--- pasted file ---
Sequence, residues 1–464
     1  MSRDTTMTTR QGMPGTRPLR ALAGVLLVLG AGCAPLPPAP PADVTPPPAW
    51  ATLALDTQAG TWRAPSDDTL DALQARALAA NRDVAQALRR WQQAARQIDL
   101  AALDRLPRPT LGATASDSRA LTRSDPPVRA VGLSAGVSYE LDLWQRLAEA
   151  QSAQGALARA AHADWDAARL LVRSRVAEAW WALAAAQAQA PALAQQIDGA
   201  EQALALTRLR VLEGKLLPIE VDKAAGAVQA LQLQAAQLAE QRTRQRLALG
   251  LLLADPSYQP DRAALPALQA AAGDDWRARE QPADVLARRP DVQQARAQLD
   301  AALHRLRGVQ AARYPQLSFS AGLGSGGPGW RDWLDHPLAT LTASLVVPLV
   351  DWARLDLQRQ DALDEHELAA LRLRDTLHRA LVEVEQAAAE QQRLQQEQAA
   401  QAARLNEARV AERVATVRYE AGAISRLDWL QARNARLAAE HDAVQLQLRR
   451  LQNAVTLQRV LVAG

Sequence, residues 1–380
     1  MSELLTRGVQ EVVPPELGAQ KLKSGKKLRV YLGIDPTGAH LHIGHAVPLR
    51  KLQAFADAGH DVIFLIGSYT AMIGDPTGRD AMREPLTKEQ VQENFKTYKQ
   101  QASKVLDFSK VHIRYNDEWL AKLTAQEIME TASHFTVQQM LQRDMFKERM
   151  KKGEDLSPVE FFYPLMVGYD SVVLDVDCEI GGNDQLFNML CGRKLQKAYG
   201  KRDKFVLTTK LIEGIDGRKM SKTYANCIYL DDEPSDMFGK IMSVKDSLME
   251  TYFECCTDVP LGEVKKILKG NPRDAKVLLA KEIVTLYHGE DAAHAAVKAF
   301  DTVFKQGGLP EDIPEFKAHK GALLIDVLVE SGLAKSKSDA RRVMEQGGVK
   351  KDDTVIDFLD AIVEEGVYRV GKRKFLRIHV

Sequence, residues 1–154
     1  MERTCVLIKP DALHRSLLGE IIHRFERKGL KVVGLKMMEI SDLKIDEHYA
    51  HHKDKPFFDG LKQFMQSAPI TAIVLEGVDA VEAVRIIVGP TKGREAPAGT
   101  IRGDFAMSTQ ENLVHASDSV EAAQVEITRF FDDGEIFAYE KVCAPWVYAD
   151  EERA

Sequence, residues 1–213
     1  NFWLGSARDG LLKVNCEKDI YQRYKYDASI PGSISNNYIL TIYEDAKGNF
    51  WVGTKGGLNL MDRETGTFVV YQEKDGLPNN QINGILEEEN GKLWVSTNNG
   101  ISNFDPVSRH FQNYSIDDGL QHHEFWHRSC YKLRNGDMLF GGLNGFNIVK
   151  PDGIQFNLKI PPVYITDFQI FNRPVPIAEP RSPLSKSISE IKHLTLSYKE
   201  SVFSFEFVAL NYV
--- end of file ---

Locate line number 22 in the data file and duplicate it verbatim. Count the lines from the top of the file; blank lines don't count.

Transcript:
     1  MERTCVLIKP DALHRSLLGE IIHRFERKGL KVVGLKMMEI SDLKIDEHYA